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Australian Gun Reform Laws

Uploaded by Ethan on Nov 09, 2002

The Firearms Act 1996 (Vic.) was passed by the Victorian Parliament on October 31st 1996 in accordance with the National Agreement on Firearms which aimed to create uniform gun laws Australia wide. The Act repealed the Firearms Act 1958 (Vic.) and the Firearms Act (Amendment) 1983 (Vic.) and established prohibitions on certain people and guns. Under the Act, a ‘prohibited person’ was defined as anyone who had served a jail term for an indictable, assault or drug related offence or subject to a domestic violence intervention order.

New categories for guns were created and gun owners had to pass certain requirements and demonstrate genuine reason for owning a firearm as well as provide appropriate storage for the weapon. Strict fines and jail sentences were established for offenders, but owners of newly prohibited guns were able to surrender their weapons and receive compensated under the national guns amnesty.

Categories C and D guns (including semi-automatic rifles, shotguns and pump-action shotguns) were prohibited unless the applicant could prove a specific use for the weapon such as professional farming or hunting and that Category A or B weapons was insufficient. Category E included machine, teargas and shot guns and rifles shorter than 75cm. Category E license applicants had to prove the firearm was required for police or military duties. Handguns, were classified in their own category and had tighter requirements for ownership.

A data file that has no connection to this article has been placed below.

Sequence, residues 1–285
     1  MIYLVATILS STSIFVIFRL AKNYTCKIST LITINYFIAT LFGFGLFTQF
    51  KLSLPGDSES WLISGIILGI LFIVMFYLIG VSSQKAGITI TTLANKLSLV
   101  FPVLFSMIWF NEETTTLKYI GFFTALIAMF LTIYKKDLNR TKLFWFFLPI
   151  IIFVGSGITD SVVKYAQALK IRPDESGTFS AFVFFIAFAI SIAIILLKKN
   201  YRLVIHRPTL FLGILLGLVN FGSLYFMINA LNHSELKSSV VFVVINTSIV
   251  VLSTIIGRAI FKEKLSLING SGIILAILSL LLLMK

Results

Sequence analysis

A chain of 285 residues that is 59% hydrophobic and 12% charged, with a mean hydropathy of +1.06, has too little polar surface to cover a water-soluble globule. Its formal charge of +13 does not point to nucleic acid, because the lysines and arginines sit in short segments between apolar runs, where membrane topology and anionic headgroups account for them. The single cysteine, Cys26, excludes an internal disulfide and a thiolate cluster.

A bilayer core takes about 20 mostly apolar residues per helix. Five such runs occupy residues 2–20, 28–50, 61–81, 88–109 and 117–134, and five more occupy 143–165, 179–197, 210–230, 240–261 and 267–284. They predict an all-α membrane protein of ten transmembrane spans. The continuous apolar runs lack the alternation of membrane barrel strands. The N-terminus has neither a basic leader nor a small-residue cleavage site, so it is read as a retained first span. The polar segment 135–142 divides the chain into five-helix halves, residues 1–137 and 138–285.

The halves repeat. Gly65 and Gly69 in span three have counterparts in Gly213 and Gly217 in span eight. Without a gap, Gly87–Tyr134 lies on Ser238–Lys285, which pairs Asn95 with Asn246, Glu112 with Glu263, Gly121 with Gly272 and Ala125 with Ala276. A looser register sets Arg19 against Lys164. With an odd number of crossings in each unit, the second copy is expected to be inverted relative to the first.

The reasons behind the change in gun laws were both social and political. Between 1987 and 1996, 136 people were killed in gun massacres alone. After the Hoddle and Queen Street massacres of 1987, great public concern arose and the Victorian premier tried to tighten gun laws. The Strathfield massacre of 1991 intensified the debate in Sydney and subsequently importation of semi-automatic weapons was banned nationally.

As Australia became more urbanised, 90% of the nation realised the need for stricter gun laws to assure their safety and security by restricting the availability of high powered weapons and banning convicted criminals and domestic violence offenders from owning guns. In 1996 the Australian Institute of Criminology found that the majority of people killed with guns were killed in states with relaxed gun laws. Furthermore, gun deaths dropped 30% after tougher Victorian gun laws were introduced in 1987. People saw this correlation between stricter gun laws and fewer gun related deaths, exemplified by the Port Arthur massacre (where Bryant was able to own a...

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Uploaded by:   Ethan

Date:   11/09/2002

Category:   Law

Length:   11 pages (2,476 words)

Views:   2839

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